When considering whether or not to hire a professional to assist you when you file for Social Security disability benefits, you may wonder what sort of person has the necessary experience, what they can do for you, what they will charge to assist you, and whether or not their help is worth what they charge.
A “professional” refers either to a qualified Social Security disability attorney or someone such as a social worker or other person who is experienced in dealing with Social Security disability benefits. When you interview someone to act for you in applying for disability benefits, be sure to ask them what to expect from the process and ask them to tell you specifically what they will do for you. It would be helpful for you to get this list of services in writing. You should also ask for references from others who have used their services or ask them to explain why they are qualified to assist you when you file for disability benefits.
Ask the professional you are interviewing what they charge. All claims representatives who charge for their services are required to get written permission for their fees from the SSA. However, they are allowed to ask for payment up front as long as they hold that payment in trust for you for future services. While the SSA sets a limit on the fees that can be charged by a disability benefits representative, he or she is allowed to charge you for out-of-pocket expenses, such as medical reports and postage, in addition to his or her fees without SSA approval.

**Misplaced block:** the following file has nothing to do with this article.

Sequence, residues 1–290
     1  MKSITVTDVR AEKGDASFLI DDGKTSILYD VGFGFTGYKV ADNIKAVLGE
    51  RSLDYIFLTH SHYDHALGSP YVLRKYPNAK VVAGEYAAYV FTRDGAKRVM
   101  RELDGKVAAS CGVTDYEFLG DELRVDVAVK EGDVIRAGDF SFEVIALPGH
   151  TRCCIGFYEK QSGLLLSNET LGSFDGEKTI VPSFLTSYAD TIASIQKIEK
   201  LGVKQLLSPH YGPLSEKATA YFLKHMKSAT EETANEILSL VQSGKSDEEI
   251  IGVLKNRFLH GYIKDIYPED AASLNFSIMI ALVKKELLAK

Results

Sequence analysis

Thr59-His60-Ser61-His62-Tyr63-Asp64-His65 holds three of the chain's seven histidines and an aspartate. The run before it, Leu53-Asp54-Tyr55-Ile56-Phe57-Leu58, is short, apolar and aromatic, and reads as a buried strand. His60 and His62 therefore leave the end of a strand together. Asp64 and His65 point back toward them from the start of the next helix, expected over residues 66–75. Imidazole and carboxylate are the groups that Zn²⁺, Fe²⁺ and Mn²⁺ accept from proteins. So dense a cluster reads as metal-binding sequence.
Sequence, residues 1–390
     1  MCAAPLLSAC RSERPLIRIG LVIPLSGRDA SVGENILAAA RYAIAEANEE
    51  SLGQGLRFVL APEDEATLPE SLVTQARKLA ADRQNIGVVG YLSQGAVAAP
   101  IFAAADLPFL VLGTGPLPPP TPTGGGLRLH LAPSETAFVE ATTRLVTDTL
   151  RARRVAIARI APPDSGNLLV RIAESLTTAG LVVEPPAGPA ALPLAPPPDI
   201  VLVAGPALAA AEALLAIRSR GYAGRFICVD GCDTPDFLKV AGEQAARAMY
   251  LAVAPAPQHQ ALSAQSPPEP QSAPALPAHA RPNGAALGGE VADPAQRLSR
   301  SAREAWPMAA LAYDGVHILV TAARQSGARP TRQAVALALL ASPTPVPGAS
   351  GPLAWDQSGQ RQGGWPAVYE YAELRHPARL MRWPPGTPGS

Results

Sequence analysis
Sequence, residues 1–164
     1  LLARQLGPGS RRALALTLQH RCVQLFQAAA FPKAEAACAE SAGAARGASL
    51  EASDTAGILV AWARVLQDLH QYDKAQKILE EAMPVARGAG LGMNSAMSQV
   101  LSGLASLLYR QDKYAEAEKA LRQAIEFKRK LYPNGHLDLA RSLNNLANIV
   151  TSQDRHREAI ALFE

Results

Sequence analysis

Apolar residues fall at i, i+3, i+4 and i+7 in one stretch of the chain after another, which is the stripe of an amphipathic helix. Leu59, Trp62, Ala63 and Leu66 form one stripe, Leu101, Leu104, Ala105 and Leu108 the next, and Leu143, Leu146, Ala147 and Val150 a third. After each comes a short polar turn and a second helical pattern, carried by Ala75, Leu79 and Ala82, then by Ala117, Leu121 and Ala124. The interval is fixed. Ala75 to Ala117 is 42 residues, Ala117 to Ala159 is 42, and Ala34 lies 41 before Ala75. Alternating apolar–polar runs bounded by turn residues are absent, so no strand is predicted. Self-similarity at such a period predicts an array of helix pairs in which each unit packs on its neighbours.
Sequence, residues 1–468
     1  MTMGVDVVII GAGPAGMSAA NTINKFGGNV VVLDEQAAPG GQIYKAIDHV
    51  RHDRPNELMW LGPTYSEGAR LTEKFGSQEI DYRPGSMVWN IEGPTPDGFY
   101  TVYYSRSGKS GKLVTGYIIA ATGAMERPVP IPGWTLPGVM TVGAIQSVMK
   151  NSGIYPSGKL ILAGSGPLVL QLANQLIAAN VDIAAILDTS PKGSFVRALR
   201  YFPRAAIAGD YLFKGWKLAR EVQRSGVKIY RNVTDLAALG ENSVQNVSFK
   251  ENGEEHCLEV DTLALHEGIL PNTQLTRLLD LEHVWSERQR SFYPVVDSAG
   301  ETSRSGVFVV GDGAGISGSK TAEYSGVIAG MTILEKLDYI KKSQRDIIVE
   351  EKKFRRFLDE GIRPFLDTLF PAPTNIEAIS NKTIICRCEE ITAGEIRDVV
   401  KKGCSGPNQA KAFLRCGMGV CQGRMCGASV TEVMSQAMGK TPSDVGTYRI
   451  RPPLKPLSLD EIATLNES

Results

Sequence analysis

When you hire a professional to assist you, they will act on your behalf in dealing with the Social Security Administration (SSA). The SSA will work with your representative just as they would work with you.
Your representative can be of tremendous help to you in gathering the information needed to successfully present your disability case to SSA. They will conduct research to determine the type of records needed and the period of time the records need to cover, and they can request all these records from your doctors. If there is missing information, they can advise you of your options in dealing with the gap. They will also advise you if you have a strong case, if you need to stress one area of your disabling condition over another, and whether or not it is advisable to work while you wait for your hearing. Your disability representative will receive copies of all correspondence you receive from the SSA and will help you interpret it. He or she will also help you keep track of any deadlines.
Your representative will accompany you to your disability hearing and help you present your disability claim. If your disability claim is denied, your representative will help you prepare your appeal, and, if witnesses are needed, will question the witnesses on your behalf.
If you decide to hire a representative, you must tell the SSA in writing. Your representative will have the form required.
More information about hiring a disability benefits representative can be found in SSA publication 05-10075.